Today's Story Line
Russia's President Vladimir Putin, in another consolidation of his power, plans to extend direct rule over Chechnya.
Golf-course developments are sprouting in Egypt, raising many of the same issues facing the US Southwest.
The Israelis are accelerating their withdrawal from southern Lebanon, which is creating a security vacuum for the Lebanese there that supported Israel.
Faye Bowers Deputy world editor
REPORTERS ON THE JOB..
LANGUAGE POLICE: For all the bad rap that the Quebec "language police" get in English-speaking Canada, the Monitor's Ruth Walkers finds that in Quebec, her interlocutors generally enjoy opportunities to practice their English as much as she enjoys the chance to speak French. "When I booked my hotel room, requesting a chambre non-fumeuse, nonsmoking room, the reservations clerk briefed me on the nuances of 'non' in Montreal French," Ruth says. "As a (female) person, I may be 'non-fumeuse,' she said, but the room is simply 'non-fumeur.' "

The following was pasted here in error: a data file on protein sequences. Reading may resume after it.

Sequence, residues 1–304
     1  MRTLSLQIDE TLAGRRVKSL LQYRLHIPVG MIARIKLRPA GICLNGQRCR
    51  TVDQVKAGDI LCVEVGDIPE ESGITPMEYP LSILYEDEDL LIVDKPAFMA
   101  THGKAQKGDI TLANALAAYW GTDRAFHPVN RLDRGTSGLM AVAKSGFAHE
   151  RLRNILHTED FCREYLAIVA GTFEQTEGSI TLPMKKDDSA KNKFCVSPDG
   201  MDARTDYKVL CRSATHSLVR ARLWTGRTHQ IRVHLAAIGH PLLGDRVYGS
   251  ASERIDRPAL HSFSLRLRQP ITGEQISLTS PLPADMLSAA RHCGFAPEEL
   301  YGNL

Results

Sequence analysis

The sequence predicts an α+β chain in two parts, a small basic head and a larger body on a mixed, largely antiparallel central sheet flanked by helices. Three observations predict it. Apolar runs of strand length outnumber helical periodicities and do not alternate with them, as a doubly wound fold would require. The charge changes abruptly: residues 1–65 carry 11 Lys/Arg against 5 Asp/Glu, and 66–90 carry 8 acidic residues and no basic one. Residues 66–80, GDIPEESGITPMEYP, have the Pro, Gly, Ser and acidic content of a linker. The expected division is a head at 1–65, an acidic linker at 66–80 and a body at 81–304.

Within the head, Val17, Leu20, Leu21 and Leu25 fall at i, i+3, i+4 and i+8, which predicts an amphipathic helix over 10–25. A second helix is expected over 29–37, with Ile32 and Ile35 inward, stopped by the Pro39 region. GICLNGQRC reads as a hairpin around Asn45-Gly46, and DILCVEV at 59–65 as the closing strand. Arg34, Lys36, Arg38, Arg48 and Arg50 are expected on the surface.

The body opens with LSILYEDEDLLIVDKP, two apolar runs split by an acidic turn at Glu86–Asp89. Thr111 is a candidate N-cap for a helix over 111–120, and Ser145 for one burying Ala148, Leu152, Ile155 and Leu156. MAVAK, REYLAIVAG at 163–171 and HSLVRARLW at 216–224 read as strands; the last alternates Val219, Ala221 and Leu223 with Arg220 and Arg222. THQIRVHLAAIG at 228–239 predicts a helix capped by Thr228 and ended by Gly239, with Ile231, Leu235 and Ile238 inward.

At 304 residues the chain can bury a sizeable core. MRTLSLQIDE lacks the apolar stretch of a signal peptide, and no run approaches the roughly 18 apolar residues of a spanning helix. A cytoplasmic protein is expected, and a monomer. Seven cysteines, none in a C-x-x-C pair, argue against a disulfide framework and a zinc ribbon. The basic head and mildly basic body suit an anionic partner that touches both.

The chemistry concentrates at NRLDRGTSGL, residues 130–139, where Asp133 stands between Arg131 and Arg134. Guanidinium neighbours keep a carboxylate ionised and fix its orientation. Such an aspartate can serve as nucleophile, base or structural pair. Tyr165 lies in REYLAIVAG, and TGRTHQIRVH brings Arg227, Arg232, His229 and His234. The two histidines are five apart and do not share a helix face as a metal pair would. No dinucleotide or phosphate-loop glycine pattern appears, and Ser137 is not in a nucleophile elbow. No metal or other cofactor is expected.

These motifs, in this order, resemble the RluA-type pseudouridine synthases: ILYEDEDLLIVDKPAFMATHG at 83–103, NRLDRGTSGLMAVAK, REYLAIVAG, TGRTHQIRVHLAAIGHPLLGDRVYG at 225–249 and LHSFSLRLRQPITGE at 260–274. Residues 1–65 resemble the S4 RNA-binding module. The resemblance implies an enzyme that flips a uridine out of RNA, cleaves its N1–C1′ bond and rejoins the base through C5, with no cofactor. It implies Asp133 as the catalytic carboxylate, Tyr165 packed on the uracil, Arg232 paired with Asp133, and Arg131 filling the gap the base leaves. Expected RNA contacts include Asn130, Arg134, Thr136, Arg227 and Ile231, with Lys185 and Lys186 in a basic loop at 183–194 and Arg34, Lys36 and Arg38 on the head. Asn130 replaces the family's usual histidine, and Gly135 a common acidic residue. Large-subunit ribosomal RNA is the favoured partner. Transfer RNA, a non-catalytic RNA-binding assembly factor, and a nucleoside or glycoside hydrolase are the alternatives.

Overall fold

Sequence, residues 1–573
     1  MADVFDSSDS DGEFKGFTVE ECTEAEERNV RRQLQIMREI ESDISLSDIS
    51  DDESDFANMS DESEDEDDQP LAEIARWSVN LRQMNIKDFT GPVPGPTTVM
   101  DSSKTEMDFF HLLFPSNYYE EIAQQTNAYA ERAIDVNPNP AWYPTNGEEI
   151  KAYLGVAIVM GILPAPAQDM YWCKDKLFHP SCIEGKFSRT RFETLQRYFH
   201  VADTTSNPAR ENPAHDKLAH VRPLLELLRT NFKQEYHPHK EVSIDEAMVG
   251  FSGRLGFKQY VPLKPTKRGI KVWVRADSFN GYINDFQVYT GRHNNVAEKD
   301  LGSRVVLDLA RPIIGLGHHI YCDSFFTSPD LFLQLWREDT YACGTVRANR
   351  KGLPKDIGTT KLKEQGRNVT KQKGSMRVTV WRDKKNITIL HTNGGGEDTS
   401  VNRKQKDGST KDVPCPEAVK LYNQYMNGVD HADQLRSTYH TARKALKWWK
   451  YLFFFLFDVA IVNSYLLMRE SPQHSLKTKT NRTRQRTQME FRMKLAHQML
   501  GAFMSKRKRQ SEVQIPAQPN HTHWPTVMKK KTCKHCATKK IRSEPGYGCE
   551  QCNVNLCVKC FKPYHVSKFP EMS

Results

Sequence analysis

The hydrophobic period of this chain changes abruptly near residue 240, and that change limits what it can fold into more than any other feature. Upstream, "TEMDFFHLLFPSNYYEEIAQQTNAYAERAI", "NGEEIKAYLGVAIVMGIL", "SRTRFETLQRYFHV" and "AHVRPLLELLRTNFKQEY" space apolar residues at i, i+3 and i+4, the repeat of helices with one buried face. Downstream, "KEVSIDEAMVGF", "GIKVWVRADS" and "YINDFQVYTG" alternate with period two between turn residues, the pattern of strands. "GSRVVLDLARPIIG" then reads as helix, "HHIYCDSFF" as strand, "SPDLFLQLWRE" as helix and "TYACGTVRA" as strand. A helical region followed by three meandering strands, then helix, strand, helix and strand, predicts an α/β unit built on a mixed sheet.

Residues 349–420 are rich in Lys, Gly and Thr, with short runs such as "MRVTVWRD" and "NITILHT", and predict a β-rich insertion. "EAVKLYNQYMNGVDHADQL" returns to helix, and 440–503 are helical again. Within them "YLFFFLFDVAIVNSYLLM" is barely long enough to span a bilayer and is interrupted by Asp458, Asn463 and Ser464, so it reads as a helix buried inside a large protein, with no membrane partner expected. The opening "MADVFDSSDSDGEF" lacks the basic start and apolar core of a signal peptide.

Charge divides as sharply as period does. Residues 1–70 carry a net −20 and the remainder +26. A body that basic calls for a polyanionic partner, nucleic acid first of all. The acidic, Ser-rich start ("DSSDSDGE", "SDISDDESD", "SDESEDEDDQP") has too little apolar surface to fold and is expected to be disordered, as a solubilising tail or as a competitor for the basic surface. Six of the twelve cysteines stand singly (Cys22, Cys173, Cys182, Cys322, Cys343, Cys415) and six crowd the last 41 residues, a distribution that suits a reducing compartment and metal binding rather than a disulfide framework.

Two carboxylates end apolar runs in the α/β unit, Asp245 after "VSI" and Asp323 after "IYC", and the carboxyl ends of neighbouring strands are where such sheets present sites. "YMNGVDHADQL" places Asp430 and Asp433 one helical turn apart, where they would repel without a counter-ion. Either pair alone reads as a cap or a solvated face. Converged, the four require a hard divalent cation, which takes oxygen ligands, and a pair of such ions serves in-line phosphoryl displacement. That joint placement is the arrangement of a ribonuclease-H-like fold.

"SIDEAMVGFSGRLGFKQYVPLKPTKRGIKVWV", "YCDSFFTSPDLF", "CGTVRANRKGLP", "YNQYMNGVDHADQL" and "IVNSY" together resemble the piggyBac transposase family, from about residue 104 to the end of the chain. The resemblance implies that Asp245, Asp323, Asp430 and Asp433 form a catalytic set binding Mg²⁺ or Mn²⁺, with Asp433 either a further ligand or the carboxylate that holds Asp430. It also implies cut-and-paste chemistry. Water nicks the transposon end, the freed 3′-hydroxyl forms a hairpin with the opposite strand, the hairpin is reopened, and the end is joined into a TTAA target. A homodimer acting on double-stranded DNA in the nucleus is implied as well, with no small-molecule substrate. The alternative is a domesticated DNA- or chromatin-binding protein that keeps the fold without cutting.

When Ruth toured a day-care center in the Montreal suburbs, the manager impressed his staff with his fluent English. "I had no idea Patrick's English was so good," one woman remarked.
DESERT OASES: Sarah Gauch's family, along with another Lebanese family, own a 1,000-acre farm - less than a quarter mile from the Soleimania Golf Course near Cairo. Sarah says the farm is their oasis - a retreat "with olive trees for as far as the eye can see." Her family visits the Gudood Farm, where they also raise poultry, nearly every weekend. When they purchased the property, they thought the desert would remain farmland. But lots of developments are beginning to sprout. And like other locals, Sarah and her family are concerned about water. She says she doesn't think officials know how little water is available, and they're concerned the reservoir could dry up.
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